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» infectious disease, HIV and history

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image: Attacking AIDS on Many Fronts

Attacking AIDS on Many Fronts

By | May 1, 2015

A close cooperation between science, politics, and economics has helped to control one of history’s most destructive epidemics.  

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image: Aristotelian Biology

Aristotelian Biology

By | September 1, 2014

The ancient Greek philosopher was the first scientist.

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image: Reanimated Chickens and Zombie Dogs

Reanimated Chickens and Zombie Dogs

By | August 1, 2014

In praise of weird science at the edge of life

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image: Book Excerpt from <em>Brave Genius</em>

Book Excerpt from Brave Genius

By | November 1, 2013

In Chapter 20, “On the Same Path,” author Sean Carroll describes the initial meeting between Nobel Laureates Jacques Monod and Albert Camus.

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image: Chance and Necessity

Chance and Necessity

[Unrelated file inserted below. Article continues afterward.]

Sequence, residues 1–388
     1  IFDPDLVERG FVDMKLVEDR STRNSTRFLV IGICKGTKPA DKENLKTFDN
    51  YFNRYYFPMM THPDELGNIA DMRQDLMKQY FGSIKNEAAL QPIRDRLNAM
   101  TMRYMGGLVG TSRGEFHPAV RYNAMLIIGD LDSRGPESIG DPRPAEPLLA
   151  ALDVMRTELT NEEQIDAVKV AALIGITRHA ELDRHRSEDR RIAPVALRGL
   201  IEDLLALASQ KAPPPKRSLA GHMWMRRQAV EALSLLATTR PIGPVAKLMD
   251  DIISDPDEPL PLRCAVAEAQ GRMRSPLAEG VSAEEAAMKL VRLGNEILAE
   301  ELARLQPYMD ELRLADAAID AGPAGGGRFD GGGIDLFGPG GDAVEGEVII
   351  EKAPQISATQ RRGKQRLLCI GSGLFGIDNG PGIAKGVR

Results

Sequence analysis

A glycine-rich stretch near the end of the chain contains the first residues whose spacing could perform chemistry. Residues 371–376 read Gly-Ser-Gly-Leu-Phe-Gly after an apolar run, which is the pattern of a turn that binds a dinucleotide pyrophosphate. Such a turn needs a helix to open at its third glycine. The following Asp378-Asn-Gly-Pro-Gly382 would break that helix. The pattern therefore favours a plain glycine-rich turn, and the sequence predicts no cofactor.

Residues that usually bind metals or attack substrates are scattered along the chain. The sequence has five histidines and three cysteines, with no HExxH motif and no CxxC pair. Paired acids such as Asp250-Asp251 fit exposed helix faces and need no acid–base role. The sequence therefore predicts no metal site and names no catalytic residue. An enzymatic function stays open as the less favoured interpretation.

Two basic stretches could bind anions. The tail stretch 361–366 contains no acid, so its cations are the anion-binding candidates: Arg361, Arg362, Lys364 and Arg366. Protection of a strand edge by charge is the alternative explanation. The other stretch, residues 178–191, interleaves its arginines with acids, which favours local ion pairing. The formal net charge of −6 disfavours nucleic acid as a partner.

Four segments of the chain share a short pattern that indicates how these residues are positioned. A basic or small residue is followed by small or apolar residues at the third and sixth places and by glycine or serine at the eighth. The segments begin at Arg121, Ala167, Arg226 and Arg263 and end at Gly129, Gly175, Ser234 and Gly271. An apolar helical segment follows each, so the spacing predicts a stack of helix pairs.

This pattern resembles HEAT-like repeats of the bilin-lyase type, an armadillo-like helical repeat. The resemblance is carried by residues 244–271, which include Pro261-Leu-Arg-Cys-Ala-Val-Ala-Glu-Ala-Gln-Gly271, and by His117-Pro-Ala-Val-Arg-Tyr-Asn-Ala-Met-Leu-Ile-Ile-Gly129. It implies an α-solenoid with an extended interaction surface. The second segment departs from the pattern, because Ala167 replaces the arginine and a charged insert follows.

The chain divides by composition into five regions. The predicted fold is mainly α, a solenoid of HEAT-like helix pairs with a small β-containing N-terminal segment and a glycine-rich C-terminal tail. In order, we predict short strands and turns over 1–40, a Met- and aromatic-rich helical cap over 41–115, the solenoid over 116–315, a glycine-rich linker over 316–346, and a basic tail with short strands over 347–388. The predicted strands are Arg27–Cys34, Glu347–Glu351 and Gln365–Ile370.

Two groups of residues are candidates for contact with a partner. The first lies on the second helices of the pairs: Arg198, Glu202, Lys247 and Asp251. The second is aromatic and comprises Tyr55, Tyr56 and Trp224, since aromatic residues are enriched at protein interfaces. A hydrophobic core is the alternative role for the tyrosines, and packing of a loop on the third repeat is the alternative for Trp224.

By | November 1, 2013

War and justice brought together two of the greatest minds of the 20th century, a scientist and a writer.

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In Chapter 8, "The Conspiratorial Move and the Struggle for Evidence-Based Medicine," author Nicoli Natrass explores the Internet's role in the rise of anti-science sentiment.

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image: The Specter of Denialism

The Specter of Denialism

By | March 1, 2012

Conspiracy theories surrounding the global HIV/AIDS epidemic have cost thousands of lives. But science is fighting back.

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In an essay entitled "Molecular Cut and Paste: The New Generation of Biological Tools," virologist William McEwan envisions a future where viruses are reprogrammed to become the workhorses of science and medicine.

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image: Going Viral

Going Viral

By | October 1, 2011

The promise of viruses as biotech tools will help molecular biology fulfill its true potential.

6 Comments

In Chapter 6, "Research and Teaching at the All-Administrative University," author Benjamin Ginsberg describes the perils of pursuing scholarship and teaching in the industrial environment of today's American institutions of higher learning.

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